Born in OKC
I guess you could call this a trip report and I know there will be some flack. I have to say, up front, that my "milk chili" was Southwestern, or Texan (see my posts under Shanghai Jimmy’s Chili Rice) but I’ll try a dish of something with the same name in other places. I’ve never been to Cincinatti and if I go I certainly have the names of several well regarded chili places to try there, and I will.
I have been to Naples, Florida a couple of times,and as a matter of fact left just ahead of Fay last week. As those of you who have been there recall, there is a Skyline branch on Hiway 41 in Naples.
I’ll come back to that in a minute.
First, let me say that Truluck’s (Texas – Austin – roots), Lurcat’s (Minnesota beginnings I think) and Ridgeway’s (Florida original maybe) are fine. fine places to eat, but to me are places for a special meal and not necessarily roadfood. Truluck’s has a treatment of SA fish ribs cooked like BBQ that is very unusual. Cafe Lurcat has a roasted cauliflower sise that is also different. Ridgeway’s is a great place for brunch and the attached deli and wineshop next door are fun. I happened to meet Tony Ridgeway this time and he is a very nice host.
Second, Alice Sweetwater’s and Randy’s Fishmarket are both great places where the main attraction is fresh local fried fish and they both do a good job. There is also a hispanic grocer whose name escapes me with great Caribbean and Central American food you can buy and eat in a park nearby. I’ll add that name later. And there is Pastrami Dan’s, a sandwich shop also on Hiway 41. They have about six or five items on their menu" Pastrami sandwiches (On a bun, sorry, didn’t see rye), roast beef sandwiches, combo sandwiches, hot dogs, chili dogs, and a bowl of chili. Pastrami Dan’s is also on Hiway 41 and not far from Skyline. The people who run it are from Connecticut. IMO, the last three are very much roadfood places.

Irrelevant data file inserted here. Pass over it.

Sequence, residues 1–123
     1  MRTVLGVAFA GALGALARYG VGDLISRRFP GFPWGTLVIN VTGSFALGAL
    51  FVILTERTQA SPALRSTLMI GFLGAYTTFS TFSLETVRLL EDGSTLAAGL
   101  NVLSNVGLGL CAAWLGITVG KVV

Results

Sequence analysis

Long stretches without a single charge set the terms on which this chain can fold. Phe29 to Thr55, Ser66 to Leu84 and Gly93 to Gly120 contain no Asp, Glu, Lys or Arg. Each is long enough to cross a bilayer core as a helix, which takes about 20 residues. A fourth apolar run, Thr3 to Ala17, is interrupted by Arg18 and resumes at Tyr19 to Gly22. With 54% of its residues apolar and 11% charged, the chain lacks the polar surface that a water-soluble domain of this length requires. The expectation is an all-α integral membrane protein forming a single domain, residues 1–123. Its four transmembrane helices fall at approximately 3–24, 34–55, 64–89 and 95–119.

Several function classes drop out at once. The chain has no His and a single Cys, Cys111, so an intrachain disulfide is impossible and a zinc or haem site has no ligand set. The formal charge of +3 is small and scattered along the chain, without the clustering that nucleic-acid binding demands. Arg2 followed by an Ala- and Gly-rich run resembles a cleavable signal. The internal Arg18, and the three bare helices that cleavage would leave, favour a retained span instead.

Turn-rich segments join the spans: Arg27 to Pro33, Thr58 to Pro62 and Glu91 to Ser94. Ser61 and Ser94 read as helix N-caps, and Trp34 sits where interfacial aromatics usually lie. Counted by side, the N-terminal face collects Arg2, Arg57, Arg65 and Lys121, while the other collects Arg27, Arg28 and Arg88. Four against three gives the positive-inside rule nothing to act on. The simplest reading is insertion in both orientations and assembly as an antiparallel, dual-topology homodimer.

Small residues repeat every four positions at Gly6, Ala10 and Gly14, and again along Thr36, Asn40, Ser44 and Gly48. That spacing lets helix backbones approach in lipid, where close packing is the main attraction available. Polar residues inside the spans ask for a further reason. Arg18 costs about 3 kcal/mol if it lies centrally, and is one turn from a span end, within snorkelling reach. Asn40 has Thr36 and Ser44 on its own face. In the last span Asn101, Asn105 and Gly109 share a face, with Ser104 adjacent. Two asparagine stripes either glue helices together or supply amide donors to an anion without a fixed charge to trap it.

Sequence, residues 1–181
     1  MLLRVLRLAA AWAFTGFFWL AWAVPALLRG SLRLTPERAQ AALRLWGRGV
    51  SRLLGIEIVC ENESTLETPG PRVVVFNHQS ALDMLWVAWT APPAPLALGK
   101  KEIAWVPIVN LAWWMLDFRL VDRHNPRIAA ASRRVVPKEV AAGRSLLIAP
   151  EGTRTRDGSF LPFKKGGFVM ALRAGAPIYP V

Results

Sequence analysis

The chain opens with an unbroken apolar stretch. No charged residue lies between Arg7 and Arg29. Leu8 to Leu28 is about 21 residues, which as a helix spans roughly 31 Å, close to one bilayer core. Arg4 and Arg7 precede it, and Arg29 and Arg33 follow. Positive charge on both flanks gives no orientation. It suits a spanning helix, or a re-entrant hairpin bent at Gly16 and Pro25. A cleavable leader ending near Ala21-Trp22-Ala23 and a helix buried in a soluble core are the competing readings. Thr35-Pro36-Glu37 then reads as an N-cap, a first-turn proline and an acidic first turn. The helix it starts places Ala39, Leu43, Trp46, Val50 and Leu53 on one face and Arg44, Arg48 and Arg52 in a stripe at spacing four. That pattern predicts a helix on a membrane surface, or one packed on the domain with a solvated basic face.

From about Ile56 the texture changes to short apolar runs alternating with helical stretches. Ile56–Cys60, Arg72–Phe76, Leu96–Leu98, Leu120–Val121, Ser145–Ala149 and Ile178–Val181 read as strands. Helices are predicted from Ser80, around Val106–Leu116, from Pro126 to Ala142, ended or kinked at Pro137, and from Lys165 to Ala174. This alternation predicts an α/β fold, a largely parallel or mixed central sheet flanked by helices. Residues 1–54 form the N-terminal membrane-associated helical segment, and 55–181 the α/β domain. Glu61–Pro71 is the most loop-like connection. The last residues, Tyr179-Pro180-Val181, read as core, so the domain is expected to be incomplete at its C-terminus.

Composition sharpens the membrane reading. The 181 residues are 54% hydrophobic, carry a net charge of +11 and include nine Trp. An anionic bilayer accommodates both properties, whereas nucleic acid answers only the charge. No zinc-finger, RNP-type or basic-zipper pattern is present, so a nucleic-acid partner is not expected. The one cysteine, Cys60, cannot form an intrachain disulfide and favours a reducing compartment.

Let me say also that all the places I’ve mentioned are good the summer as well as in the winter when a different crowd with more money is in Naples. The hospitality and quality control deserve high marks both times.
But I was going to talk about Cincinatti chili and the Skyline version in particular. My impression of the the "three-way," I guess it was, spaghetti, cheese, and onions is that it is more like an Italian dish than anything else. Some one else in this thread mentioned a spagheti and meat sauce dish. Also, the copius amount of cheese entirely overwhelmed the chili – and I like cheese. Worst, the cheese and the seasoning in the chili, the "Greek" spices, do not go together – and I like Greek dishes. If I had gotten it with beans that would have added kidney beans I think, and again, that’s different than what I grew up with.
I’d also comment that it is more of a bowl of brown than a bowl of red, again because of the Greek seasonings, I think.
In fairness, I’d have to say I have tried Skyline canned chili and did not have all of the same objection. One of these days I’ll try their frozen and see how that goes. But next time I try the fresh product I’ll get just a plain bowkl of chili with onion and maybe cheese on the side. If I add a lot of hot sauce that might be a better bowl of chili for someone with Southwestern tastes.
If and when I get to Concinnatti I will try the chili at three or two places there, at least. But for the moment, in Naples, Florida, the chili at Pastrami Dan’s (made by "Dan’s" mother) beats Skykine by a wide margin.